Mechanically deformed morphologic cartilage grafts undergo temperature-dependent stress relaxation during sustained laser irradiation resulting in stable shape changes. In this study, porcine nasal septal cartilage specimens were evaluated for viability by measuring the incorporation of Na235SO4 into proteoglycan (PTG) macromolecules in whole tissue culture following laser-mediated reshaping. Synthesis rates of PTG were determined by scintillation counting lyophilized specimens and normalizing these values by total protein content. Positive controls were established by inducing chondrocyte apoptosis using prolonged exposure to nitric oxide (NO). In chondrocytes, apoptosis induced using NO resulted in significantly lower PTG synthesis rates compared to untreated native specimens. Cartilage specimens were irradiated with light emitted from a Nd:YAG laser (25 W/cm2, λ = 1.32 μm) while recording simultaneously radiometric surface temperature, internal stress and back-scattered light intensity from a probe laser. Each specimen received one, two or three sequential laser exposures. The duration of each exposure was determined from real-time measurements of characteristic changes in back-scattered light intensity that correlate with accelerated stress relaxation. A 5 min time interval between each laser exposures allowed the cartilage specimen to return to thermal equilibrium. Average PTG synthesis rates decreased with successive laser exposures, though these were always higher than baseline rates established for NO-treated tissues, suggesting that laser-mediated cartilage reshaping acutely does not eliminate the entire population of viable chondrocytes. The reduction in PTG synthesis is correlated with the time–temperature-dependent heating profile created during laser irradiation, supporting our hypothesis that careful monitoring of laser dosimetry is required to ensure chondrocyte viability.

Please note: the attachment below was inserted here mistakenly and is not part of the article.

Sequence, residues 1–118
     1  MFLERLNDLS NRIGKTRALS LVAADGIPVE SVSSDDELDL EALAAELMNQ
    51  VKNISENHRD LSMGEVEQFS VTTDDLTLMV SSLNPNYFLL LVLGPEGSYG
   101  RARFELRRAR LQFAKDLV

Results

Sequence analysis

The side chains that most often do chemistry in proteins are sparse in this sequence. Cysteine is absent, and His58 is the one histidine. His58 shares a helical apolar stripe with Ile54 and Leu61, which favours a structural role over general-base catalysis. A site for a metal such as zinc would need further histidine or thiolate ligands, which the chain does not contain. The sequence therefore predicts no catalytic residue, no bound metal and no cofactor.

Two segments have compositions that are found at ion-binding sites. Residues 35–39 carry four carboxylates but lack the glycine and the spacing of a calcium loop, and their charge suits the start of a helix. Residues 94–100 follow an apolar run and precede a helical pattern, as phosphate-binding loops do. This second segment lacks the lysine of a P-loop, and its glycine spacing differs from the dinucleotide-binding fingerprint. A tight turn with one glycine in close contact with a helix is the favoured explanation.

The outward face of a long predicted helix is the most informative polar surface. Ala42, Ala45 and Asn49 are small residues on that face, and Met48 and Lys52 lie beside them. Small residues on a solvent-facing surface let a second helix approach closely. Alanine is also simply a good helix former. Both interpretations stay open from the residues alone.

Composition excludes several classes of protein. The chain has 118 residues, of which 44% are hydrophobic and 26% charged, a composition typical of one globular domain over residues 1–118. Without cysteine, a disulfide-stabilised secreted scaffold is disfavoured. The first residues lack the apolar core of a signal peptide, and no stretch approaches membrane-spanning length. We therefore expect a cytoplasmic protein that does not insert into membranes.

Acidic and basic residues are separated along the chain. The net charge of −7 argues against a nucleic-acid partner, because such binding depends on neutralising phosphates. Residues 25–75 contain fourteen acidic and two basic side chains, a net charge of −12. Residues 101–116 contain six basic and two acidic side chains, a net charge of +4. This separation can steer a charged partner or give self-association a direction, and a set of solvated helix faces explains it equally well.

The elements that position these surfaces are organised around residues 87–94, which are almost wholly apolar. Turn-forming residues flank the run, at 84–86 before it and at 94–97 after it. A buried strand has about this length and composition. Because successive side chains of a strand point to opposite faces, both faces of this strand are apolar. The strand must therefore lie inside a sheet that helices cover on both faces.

Photochemistry and Photobiology
Vol. 71 • No. 2
Vol. 71 • No. 2